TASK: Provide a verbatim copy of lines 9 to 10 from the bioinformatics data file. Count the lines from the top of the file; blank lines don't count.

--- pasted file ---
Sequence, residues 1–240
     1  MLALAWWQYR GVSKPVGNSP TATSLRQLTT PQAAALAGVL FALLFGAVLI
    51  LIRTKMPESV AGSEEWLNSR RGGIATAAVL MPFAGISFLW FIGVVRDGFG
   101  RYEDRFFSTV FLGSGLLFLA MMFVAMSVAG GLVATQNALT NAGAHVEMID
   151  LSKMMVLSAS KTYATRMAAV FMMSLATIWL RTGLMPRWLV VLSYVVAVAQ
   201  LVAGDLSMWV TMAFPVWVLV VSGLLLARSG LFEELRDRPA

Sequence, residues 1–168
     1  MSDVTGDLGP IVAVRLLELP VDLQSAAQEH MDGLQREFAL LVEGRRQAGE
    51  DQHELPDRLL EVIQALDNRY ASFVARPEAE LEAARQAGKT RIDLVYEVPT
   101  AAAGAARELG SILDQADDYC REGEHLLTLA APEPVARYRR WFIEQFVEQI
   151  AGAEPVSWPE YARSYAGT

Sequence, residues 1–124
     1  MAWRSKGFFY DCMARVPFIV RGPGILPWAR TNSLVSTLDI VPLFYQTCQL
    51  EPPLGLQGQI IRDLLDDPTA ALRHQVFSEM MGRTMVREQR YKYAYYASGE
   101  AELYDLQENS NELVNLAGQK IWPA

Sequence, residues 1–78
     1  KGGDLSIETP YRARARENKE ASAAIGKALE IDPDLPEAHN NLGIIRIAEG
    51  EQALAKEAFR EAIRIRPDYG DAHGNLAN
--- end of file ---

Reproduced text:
    51  DQHELPDRLL EVIQALDNRY ASFVARPEAE LEAARQAGKT RIDLVYEVPT
   101  AAAGAARELG SILDQADDYC REGEHLLTLA APEPVARYRR WFIEQFVEQI